Just up the road from the Colosseum and next to the modern city’s busiest road are the remains of Trajan’s forum, the largest of the Imperial Forums built by the Emperor Trajan. Trajan has gone down in history near to top of the list of good emperors. After Domitian was murdered in 96, Rome teetered on instability under the elderly Emperor Nerva, who was only around for 2 years before meeting his own cruel end. It was Trajan, a proud, popular, tall and supposedly good-looking general who took over. He was to bring about 20 years of relative peace and prosperity to Rome. Trajan was lucky enough to become Emperor at a time when Rome’s enemies weren’t exactly threatening the peace. Still, he was smart enough to know how to use war as a political tool.

As Emperor, he led Rome into 3 wars during his 20 year reign, 2 against Dacia in the north along the Danube river in modern day Romania. For all the good he brought to Rome, Trajan loved and gloried in war. He pressed for war as a way to keep the army employed and strengthen Rome’s borders while increasing his own popularity as victorious war hero. Dacia was eventually conquered, and vast amounts of plunder made their way back to Rome. This set financial troubles right and payed for an ambitious building campaign, furthering his legacy. Trajan was probably the greatest of the Emperor builders. He rebuilt the Circus Maximus, a huge Forum of his own, and Trajan’s market, the worlds first shopping mall.

Trajan’s Market is in pretty good shape today, built high into the hill behind it. In front of it, Trajan’s Forum has been reduced to rubble, but a very impressive monument to Trajan remains. Trajan’s Column is a 100+ ft high column, hollow on the inside with a spiral staircase to the top. At one point, the column held a statue of Trajan on top, removed a few hundred years ago for one of St. Peter.  The entire structure rests on a huge rectangular base which once held the cremated remains of Trajan. This column is a ceremonial monument and did not support any other structure.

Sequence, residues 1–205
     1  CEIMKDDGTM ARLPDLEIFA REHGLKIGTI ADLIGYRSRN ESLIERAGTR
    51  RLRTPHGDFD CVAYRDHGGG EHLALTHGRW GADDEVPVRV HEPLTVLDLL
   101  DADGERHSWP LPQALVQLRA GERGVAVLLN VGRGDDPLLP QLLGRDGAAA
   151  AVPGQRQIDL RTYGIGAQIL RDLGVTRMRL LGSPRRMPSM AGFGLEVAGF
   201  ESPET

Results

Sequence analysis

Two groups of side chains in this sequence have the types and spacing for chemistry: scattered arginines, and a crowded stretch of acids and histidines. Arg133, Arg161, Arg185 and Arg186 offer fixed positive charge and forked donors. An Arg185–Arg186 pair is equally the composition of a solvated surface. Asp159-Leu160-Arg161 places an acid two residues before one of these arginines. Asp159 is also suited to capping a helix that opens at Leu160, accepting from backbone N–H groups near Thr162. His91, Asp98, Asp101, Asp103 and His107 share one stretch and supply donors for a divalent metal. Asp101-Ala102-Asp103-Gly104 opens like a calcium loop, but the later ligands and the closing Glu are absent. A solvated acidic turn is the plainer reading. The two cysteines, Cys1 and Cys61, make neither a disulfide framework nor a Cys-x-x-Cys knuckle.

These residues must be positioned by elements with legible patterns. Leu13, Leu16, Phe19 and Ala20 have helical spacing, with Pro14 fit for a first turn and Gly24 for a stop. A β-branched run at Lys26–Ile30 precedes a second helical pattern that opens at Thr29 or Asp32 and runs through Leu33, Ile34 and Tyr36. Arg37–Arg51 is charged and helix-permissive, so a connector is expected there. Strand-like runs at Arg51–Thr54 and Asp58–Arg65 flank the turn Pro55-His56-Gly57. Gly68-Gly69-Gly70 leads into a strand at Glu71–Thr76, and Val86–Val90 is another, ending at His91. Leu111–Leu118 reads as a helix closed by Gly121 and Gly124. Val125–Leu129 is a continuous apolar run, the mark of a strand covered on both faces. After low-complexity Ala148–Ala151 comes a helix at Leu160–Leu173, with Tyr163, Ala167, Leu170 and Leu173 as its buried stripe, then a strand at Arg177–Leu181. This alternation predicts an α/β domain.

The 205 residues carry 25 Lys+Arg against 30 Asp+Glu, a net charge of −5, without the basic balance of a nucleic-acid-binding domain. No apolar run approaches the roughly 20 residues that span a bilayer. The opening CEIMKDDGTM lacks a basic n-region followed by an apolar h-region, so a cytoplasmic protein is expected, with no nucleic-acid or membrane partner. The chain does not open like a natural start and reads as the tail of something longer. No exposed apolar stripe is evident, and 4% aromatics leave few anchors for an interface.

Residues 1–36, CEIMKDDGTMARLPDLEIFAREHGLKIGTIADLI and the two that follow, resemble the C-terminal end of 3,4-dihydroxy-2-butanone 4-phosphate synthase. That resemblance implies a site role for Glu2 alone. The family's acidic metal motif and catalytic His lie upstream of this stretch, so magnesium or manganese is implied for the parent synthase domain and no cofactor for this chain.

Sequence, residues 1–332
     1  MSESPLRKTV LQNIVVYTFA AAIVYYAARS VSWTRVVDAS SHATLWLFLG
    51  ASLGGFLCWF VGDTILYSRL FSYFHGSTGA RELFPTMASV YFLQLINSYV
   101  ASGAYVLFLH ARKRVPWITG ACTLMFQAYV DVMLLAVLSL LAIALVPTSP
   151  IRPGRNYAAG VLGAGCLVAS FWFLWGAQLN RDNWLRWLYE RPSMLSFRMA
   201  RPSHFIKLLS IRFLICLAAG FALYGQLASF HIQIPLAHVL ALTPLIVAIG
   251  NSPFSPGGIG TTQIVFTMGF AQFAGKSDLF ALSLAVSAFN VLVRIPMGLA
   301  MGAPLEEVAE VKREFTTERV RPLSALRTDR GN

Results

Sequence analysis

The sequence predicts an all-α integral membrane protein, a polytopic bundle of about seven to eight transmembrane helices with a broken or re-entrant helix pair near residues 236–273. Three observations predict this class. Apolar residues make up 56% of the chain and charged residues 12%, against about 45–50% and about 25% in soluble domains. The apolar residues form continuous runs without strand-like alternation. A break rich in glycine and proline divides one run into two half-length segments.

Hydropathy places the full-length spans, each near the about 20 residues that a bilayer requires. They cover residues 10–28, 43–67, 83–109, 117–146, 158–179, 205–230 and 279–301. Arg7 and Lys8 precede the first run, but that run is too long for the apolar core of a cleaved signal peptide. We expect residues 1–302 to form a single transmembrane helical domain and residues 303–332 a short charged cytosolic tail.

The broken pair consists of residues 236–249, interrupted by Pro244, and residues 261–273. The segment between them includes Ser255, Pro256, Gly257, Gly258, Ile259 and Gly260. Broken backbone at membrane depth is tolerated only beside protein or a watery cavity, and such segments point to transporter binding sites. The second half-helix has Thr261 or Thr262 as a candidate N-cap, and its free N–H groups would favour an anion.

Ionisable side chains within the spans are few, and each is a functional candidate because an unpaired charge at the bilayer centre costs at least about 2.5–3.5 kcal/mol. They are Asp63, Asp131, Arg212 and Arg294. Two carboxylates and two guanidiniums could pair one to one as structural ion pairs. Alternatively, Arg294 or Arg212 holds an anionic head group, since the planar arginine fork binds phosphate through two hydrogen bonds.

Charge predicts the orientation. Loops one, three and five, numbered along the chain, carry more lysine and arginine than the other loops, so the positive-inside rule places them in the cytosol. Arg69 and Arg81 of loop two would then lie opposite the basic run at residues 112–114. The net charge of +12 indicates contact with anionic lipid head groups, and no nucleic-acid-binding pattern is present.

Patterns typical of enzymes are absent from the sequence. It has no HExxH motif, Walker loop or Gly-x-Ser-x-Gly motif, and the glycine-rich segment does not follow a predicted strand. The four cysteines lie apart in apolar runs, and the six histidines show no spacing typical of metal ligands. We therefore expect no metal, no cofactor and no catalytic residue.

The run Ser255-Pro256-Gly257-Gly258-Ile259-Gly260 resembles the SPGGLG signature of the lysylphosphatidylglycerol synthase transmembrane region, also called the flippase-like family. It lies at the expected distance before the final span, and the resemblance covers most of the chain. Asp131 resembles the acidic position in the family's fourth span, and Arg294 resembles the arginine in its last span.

Instead, it stood in the middle of a multi-teared building, allowing viewers to see it at different heights and angles. Imagine the large open rotunda at the mall and you get the idea. Look closely and you can see a staggering amount of detail. Here’s a image of what it would have looked like in the Forum:

The column was built from huge slabs of white marble, which were then carved by sculptors with amazing detail. A spiral begins at the bottom and wraps all the way to the top. Think of it as a huge sculpted comic book that tells the entire story of Trajan’s wars in Dacia. Today, it’s nearly impossible to grasp how detailed it is, let alone see the details at the top from the ground. In all, there are over 2,500 figures carved. Trajan himself is seen 59 times in a realistic portrait, rallying his troops in battle. Also seen is a large god figure, representing the Danube river. Trajan’s engineers had to build impressive bridges over the Danube to advance the army.

There are many fascinating things about the column, but probably none more impressive than all the figures. Trajan’s Column is sheer evidence that the Romans were amazing artists, with a firm grasp on body proportion. The amount of talent it requires to carve such realistic figures with such depth is staggering. This kind of craftsmanship is what went rejected and eventually forgotten in the middle ages, only to be rediscovered in the Renaissance. Today, the column appears white, but was originally painted in bright colors.

Here’s a great short video on the column, which moves around it a little bit to zoom in on some details:

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